INTRODUCTION: Electrical burns are responsible for 5% to 15% of cases of burn accidents. The majority is associated with workplace accidents, in which high-voltage injuries (>1,000 V) predominate in male patients. The mortality rates vary from 2% to 15% in different burn centers. The objective is to review the standardization of surgical steps in the acute phase of debridement (the first 15 days) by comparison of creatine phosphokinase levels, intravenous hydration, and photographs to implement routine surgical stages.
METHODS: This was a quantitative, prospective study performed in a public hospital in the city of Fortaleza, Brazil, between July 2013 and December 2015. The population was composed of young adults between 15 and 50 years, of both sexes, who experienced electrical burns, with third-degree injuries and muscle involvement.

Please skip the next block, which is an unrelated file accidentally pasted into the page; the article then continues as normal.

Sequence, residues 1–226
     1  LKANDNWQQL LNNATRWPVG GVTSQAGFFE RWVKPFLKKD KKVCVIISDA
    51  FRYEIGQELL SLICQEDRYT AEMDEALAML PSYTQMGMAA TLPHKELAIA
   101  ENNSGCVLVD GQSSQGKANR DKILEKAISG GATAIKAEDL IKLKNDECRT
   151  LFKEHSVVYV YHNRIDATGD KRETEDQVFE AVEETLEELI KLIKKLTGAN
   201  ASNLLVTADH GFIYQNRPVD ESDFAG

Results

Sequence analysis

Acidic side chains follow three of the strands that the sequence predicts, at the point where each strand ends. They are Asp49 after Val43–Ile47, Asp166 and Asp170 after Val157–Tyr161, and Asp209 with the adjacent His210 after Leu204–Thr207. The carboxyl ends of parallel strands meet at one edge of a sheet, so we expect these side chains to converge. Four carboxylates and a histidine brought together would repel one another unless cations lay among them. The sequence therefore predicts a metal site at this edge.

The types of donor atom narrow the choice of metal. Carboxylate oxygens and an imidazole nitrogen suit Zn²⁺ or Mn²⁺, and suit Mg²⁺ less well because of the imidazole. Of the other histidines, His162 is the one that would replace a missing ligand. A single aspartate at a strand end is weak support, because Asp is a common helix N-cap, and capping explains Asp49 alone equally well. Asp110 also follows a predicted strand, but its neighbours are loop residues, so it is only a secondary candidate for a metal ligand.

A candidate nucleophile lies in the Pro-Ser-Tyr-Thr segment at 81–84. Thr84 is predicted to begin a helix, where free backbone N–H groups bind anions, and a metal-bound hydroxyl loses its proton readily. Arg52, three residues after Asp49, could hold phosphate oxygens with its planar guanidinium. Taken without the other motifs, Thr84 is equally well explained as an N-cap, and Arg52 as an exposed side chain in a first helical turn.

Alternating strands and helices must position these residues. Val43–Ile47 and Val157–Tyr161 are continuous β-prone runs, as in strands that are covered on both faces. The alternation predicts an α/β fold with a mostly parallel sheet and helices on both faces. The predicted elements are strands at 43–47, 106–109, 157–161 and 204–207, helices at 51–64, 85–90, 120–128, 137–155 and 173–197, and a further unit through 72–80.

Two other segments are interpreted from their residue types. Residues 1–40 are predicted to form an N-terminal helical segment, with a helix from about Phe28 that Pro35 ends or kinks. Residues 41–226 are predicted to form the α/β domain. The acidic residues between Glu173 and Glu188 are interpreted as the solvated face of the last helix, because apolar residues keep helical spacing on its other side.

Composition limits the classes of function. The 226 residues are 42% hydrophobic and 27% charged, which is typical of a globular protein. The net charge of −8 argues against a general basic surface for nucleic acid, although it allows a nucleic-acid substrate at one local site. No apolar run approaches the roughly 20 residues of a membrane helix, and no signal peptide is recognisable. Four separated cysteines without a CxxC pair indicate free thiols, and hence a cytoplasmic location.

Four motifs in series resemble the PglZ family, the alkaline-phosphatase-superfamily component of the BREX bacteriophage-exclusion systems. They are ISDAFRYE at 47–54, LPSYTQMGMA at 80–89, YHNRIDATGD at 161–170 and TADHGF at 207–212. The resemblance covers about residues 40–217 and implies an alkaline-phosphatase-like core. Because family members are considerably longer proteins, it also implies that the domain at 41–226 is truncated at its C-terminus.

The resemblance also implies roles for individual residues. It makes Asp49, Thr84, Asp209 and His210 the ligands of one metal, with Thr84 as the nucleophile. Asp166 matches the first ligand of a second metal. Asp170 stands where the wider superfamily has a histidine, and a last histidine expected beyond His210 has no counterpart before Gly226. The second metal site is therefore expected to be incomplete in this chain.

RESULTS: Of the 15 patients in the study, 9 (60%) patients underwent 13 surgical amputation procedures and 6 (40%) patients did not undergo amputation. One patient underwent three amputation procedures in the same limb (toe, foot, and thigh) and another patient underwent two amputations in the upper limbs.
CONCLUSION: Treatment in the acute phase of electrical shock must include immediate and adequate intravenous fluid replacement, along with surgical procedures of debridement and amputations, as early as possible, in steps with intervals of 48 to 72 hours.
Keywords: Electrical burns; Electrical shock; Debridement; Hydration; Amputation.